Recent Advances and Challenges in Ubiquitous Sensing. Sigg, S.; Kunze, K.; and Fu, X. CoRR, 2015.
Recent Advances and Challenges in Ubiquitous Sensing [link]Paper  abstract   bibtex   
Ubiquitous sensing is tightly coupled with activity recognition. This survey reviews recent advances in Ubiquitous sensing and looks ahead on promising future directions. In particular, Ubiquitous sensing crosses new barriers giving us new ways to interact with the environment or to inspect our psyche. Through sensing paradigms that parasitically utilise stimuli from the noise of environmental, third-party pre-installed systems, sensing leaves the boundaries of the personal domain. Compared to previous environmental sensing approaches, these new systems mitigate high installation and placement cost by providing a robustness towards process noise. On the other hand, sensing focuses inward and attempts to capture mental activities such as cognitive load, fatigue or emotion through advances in, for instance, eye-gaze sensing systems or interpretation of body gesture or pose. This survey summarises these developments and discusses current research questions and promising future directions.
@article{Sigg_2015_sensing,
  author    = {Stephan Sigg and
               Kai Kunze and
               Xiaoming Fu},
  title     = {Recent Advances and Challenges in Ubiquitous Sensing},
  journal   = {CoRR},
  volume    = {abs/1503.04973},
  year      = {2015},
  url       = {http://arxiv.org/abs/1503.04973},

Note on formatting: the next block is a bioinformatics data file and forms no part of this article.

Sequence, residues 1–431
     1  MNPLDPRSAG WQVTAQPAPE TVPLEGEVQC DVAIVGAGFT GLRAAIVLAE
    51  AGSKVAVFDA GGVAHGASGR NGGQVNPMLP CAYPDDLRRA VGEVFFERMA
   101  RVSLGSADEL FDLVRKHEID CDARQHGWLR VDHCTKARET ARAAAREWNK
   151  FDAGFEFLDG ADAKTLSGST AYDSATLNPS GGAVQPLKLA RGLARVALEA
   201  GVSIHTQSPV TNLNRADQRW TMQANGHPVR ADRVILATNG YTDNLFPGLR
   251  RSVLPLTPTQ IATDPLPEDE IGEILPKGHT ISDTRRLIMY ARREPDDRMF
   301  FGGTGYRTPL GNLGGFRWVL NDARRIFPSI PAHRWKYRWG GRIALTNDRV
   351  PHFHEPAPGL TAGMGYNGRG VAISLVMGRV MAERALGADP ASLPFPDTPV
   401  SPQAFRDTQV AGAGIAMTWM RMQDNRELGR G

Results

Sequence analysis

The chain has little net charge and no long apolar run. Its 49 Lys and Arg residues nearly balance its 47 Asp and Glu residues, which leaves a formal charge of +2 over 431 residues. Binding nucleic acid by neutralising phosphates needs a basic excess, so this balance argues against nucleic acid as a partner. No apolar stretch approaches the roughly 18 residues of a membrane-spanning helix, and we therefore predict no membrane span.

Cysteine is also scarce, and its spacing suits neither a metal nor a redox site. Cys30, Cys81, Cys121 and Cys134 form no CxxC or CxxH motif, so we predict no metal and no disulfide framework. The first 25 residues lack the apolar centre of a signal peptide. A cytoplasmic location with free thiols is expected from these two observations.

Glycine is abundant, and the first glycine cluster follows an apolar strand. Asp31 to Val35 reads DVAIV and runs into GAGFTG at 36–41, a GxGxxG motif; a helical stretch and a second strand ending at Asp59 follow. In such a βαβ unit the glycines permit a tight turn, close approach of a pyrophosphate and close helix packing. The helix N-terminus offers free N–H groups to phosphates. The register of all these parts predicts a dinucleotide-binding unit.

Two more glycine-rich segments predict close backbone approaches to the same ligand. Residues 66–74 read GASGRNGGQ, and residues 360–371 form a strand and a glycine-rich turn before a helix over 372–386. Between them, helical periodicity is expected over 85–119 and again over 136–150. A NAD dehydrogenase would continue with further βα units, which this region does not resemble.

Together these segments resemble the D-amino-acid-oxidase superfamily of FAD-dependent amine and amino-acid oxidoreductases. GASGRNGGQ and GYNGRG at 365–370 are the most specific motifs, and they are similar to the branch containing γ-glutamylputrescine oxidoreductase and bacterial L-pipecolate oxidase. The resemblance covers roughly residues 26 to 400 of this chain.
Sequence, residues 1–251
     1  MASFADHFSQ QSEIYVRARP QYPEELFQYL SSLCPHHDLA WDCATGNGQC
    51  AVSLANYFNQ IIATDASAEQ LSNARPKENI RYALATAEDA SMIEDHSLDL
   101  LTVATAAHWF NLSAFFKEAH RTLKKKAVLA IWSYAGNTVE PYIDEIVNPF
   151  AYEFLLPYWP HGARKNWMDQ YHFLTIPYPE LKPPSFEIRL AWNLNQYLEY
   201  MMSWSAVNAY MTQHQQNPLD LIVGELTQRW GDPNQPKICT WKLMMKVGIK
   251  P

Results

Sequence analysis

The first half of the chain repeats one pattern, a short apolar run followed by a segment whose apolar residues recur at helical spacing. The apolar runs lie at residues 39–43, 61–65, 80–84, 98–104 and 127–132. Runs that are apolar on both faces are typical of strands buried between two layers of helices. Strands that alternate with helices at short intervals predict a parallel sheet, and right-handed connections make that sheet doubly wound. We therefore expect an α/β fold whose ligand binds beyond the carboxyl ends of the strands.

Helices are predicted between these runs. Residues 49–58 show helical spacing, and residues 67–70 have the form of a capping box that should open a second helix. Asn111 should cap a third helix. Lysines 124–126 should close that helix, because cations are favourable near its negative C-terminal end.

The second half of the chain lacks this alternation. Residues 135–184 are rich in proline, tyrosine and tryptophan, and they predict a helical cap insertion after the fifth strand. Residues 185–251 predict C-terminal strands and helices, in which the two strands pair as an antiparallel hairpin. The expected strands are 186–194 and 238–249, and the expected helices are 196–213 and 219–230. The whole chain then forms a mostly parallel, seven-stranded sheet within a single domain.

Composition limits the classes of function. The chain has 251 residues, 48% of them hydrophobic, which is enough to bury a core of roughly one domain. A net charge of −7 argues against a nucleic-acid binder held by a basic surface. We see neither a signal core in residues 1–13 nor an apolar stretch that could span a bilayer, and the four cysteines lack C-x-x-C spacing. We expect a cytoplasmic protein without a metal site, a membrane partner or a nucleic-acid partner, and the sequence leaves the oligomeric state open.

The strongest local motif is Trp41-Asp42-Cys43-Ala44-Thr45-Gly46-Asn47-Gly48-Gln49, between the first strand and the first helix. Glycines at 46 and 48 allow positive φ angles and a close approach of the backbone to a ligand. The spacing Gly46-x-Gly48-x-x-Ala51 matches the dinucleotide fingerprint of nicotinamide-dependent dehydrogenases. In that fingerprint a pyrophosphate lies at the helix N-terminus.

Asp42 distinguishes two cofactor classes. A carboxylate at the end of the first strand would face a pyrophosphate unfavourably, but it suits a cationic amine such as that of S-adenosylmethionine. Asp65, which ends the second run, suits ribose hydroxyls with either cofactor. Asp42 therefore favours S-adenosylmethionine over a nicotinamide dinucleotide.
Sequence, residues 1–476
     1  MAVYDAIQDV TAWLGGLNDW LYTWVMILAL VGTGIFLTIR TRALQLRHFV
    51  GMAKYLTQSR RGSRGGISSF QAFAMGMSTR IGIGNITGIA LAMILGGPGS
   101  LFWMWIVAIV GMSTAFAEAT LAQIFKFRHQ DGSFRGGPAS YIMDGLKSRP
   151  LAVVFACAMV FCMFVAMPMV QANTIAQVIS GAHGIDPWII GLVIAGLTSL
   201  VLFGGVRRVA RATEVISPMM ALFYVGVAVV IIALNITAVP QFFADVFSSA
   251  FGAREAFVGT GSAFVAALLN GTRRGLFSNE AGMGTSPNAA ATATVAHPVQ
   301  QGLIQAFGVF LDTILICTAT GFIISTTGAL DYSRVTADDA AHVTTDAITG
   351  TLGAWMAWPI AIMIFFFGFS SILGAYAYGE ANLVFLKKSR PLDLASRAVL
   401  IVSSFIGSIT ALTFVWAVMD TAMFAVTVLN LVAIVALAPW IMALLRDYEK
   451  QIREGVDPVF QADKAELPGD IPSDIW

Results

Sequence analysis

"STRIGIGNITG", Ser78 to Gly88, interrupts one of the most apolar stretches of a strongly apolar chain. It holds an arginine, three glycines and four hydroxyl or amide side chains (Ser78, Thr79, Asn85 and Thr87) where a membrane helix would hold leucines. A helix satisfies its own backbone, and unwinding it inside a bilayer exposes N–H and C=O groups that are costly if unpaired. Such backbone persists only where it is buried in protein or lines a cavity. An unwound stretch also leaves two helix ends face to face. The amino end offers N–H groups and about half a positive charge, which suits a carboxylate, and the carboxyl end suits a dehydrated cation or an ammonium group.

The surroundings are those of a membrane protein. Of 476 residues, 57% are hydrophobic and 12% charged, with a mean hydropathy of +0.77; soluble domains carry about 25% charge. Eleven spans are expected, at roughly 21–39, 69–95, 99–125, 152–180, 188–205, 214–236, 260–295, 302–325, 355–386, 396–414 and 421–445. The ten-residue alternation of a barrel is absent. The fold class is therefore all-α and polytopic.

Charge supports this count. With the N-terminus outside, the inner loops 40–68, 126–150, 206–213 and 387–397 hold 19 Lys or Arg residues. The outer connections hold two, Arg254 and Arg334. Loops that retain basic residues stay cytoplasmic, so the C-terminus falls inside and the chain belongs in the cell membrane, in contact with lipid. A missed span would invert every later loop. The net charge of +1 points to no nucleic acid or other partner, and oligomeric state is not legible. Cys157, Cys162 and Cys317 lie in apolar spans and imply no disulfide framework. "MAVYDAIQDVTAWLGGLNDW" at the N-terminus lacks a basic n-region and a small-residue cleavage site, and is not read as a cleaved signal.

timestamp = {Thu, 09 Apr 2015 11:33:20 +0200},
  biburl    = {http://dblp.uni-trier.de/rec/bib/journals/corr/SiggKF15},
  bibsource = {dblp computer science bibliography, http://dblp.org},
  abstract= {Ubiquitous sensing is tightly coupled with activity recognition. This survey reviews recent advances in Ubiquitous sensing and looks ahead on promising future directions. In particular, Ubiquitous sensing crosses new barriers giving us new ways to interact with the environment or to inspect our psyche. Through sensing paradigms that parasitically utilise stimuli from the noise of environmental, third-party pre-installed systems, sensing leaves the boundaries of the personal domain. Compared to previous environmental sensing approaches, these new systems mitigate high installation and placement cost by providing a robustness towards process noise. On the other hand, sensing focuses inward and attempts to capture mental activities such as cognitive load, fatigue or emotion through advances in, for instance, eye-gaze sensing systems or interpretation of body gesture or pose. This survey summarises these developments and discusses current research questions and promising future directions. },
group = {ambience}}
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